Master Oogway is a four-piece Norwegian band made up of young, adventurous musicians intent on making high energy music based on a jazz-rock improv ethos. Earth and Other Worlds is the quartet’s second release, following on from their debut on Clean Feed Records in 2018. Strong group interaction mixes with spontaneous solo sketches to create a mellay of juxtaposed sounds, from avant-garde jazz to heavy rock and back again.
There’s a bit of a false dawn to this album. The first three minutes are simply stunning, sounding like a Norwegian hybrid version of Kit Downes, Tom Challenger and Robert Stillman. A pastiche of atmospheric sound is created as a backdrop for some beautiful blowing from saxophonist Lauritz Skeldsvoll. And then it turns like a bruised monster baying for blood. Håvard Nordberg Funderud’s thunderous guitar leads the way, with locked and loaded back-up from drummer Martin Heggli Mellem and bassist Karl Erik Horndalsveen. And on this opening track, the contrast works really well. It’s the light and dark shades and opposing atmospheres that create tension and release, thus making for a powerfully potent combination.
As the album unfolds each track has its moments of brilliance, and there is just enough variation to keep me interested. After a while though, the spontaneous improvisation and prog-rock cliches become a little too tried and tested, a little stale perhaps, the same formula repeating itself. It’s as if the band are trying too hard maybe to push even more boundaries when all they need to do is relax a little bit.
Earth and Other Worlds shows a lot of promise from this young Norwegian quartet. With a little more finesse in their performance and a more focussed element to their writing style, this could be one hell of a band in the future. I look forward with great interest to hearing their development and new releases.
Liberia Ballad is the fifth album from Örjan Hultén Orion. It sees the Swedish band collaborating with Liberian singer-composer Ernie Bruce. I for one was unaware of the long historic links between Sweden and Liberia. These are social and commercial links stretching over hundreds of years but here the currency is music. This does not mean that a group of Swedes and an African have come together to produce a worthy World Music blend. Liberia Ballad is as much about the American art form as the ethnicity of the musicians who are making the music. Each bring their own take on that art form channelled through their individual experience of the music from their location in its history and development. At the risk of this turning a little too serious, on to the music which at heart is joyous, positive and full of life.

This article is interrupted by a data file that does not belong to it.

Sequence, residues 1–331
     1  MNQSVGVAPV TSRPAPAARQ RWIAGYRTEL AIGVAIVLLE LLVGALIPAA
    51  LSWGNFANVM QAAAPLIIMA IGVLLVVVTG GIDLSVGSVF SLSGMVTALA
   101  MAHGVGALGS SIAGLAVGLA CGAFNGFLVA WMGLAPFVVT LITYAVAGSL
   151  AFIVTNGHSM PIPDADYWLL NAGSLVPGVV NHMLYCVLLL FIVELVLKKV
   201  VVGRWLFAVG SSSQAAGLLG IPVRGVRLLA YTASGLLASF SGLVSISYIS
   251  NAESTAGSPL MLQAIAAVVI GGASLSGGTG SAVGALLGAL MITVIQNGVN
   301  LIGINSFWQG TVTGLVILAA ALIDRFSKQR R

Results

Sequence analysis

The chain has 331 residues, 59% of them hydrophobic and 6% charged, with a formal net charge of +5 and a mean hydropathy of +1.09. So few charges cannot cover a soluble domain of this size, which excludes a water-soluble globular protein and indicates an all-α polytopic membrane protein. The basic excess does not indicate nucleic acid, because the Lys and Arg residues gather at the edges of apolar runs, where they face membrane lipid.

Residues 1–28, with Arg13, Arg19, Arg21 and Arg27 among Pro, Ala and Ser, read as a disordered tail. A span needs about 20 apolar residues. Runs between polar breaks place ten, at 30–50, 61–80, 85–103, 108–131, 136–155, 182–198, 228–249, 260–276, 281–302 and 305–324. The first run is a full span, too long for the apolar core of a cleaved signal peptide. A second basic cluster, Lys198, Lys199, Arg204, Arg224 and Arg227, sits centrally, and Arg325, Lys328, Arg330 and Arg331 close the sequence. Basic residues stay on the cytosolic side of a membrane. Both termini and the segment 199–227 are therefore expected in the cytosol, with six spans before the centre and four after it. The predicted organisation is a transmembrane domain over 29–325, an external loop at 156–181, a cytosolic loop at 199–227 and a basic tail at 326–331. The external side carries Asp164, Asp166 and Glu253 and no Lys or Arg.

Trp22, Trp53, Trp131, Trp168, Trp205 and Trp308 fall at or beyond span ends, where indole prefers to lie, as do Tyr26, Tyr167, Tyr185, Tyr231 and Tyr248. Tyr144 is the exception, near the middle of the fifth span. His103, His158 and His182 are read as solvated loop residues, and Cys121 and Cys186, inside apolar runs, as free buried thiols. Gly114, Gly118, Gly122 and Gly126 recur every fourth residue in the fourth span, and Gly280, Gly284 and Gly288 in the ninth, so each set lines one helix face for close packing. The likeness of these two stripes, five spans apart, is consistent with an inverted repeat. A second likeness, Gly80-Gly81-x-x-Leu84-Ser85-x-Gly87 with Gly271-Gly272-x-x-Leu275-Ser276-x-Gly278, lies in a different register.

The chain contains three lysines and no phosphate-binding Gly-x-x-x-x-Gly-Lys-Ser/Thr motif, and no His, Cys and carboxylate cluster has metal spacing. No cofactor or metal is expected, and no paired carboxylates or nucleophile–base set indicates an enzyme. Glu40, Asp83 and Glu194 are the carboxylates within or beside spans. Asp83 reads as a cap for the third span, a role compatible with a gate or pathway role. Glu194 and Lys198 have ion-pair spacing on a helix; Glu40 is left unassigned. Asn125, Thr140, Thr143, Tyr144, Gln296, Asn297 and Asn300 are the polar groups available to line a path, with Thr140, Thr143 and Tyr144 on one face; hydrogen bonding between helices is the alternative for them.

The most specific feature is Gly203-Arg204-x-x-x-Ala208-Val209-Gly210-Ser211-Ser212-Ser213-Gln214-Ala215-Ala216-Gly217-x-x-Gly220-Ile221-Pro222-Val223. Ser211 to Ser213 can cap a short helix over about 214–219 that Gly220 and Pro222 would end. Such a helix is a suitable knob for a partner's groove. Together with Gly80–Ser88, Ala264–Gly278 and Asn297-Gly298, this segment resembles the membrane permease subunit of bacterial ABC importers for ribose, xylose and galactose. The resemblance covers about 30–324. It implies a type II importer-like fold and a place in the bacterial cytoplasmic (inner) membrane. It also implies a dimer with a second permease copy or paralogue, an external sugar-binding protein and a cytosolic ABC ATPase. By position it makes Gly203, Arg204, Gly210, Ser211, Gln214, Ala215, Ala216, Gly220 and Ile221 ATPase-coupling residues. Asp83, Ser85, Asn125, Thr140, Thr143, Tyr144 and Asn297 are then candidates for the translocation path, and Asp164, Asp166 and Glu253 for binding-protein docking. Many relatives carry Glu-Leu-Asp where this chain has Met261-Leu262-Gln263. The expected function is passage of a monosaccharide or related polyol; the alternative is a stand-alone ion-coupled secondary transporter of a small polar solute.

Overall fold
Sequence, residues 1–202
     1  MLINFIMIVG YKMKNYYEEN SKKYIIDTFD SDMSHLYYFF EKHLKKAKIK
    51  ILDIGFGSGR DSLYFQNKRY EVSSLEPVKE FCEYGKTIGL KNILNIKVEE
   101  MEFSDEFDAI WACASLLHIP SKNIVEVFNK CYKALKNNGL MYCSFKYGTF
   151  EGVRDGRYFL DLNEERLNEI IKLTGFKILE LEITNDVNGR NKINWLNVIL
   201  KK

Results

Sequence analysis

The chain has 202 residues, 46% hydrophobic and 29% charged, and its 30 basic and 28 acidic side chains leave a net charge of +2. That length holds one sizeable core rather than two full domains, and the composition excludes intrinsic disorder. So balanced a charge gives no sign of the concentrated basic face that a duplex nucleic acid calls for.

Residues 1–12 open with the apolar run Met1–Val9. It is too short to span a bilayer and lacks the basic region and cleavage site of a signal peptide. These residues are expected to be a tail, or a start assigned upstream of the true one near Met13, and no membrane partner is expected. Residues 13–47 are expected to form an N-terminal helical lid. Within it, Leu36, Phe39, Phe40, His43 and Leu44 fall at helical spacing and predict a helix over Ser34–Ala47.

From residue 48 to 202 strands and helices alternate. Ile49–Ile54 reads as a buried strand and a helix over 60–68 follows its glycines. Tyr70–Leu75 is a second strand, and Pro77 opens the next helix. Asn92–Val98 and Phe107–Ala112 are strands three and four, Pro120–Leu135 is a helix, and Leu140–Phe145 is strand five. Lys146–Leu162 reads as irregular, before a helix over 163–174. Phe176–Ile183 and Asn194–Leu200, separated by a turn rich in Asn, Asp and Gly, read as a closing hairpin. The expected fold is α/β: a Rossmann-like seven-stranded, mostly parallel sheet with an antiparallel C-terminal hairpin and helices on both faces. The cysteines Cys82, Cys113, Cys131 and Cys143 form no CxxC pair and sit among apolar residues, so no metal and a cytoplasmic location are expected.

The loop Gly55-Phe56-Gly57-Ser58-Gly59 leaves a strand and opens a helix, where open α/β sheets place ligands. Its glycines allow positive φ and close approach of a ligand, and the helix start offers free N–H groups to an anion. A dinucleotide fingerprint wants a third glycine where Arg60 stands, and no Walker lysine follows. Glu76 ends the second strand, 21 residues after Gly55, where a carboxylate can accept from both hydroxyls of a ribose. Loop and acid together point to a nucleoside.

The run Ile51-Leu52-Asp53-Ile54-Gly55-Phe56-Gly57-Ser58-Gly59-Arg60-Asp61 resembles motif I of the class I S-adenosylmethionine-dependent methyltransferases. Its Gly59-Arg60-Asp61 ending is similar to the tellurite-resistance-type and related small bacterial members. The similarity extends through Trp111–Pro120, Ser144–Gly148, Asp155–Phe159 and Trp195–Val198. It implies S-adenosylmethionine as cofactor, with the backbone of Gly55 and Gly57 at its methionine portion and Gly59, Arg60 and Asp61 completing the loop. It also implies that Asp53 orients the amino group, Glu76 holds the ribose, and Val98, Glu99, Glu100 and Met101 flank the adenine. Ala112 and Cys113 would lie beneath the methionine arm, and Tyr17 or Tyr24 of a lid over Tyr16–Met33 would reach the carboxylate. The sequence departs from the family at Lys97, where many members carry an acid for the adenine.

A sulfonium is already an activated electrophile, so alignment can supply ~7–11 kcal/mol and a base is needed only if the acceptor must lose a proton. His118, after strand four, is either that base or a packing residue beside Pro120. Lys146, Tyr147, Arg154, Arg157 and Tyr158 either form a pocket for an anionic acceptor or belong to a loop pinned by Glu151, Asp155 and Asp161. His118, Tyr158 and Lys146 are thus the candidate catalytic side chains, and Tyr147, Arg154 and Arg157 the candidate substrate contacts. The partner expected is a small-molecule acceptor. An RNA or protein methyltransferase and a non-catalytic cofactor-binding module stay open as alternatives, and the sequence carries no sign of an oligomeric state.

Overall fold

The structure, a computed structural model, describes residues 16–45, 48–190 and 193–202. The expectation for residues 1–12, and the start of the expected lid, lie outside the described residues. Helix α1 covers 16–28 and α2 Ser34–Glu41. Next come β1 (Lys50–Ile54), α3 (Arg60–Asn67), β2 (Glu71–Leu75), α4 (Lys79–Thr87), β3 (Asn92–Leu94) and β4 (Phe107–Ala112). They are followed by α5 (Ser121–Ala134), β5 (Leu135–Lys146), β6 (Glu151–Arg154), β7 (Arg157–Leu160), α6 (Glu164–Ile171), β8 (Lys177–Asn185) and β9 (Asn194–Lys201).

The instrumental title track opens the album with its street sounds reminiscent of Weather Report’s ‘Black Market’ before taking us into a loping piano-driven tune by Torbjörn Gulz who is responsible for many of the compositions on this collaborative album. He says of ‘Dreams’ the first of the vocal tracks on Liberia Ballad, “we started a collaboration, where Ernie provided some of the compositions with lyrics, and I wrote ‘Dreams’ in the Spring of 2019. I composed it with the image of Ernie, sitting next to me at the piano with an always present laugh”. Ernie Bruce says, “I had to be very careful in complementing Torbjörn’s incredible piano platform to dance on”. ‘Dream’ is urging us to reach inside ourselves to find and connect with our dreams. Bruce’s voice warm but with a hint of fragility. The only obvious jazz comparison I could bring to mind here was the Johnny Hartman / John Coltrane collaborations without reliance on the American Songbook.
Elsewhere ‘Sixto’ sees Bruce crafting a lyric about Sixto Rodrigues, the subject of the 2012 award-winning documentary directed by Malik Bendjelloul, to the original Hultén composition which closed their 2016 album Faltrapport. It basically retells that story and features some urging, preaching tenor saxophone from the composer and finishes with an appreciative laugh from the lyricist who has treated us to some Eddie Jefferson style vocalise along the way.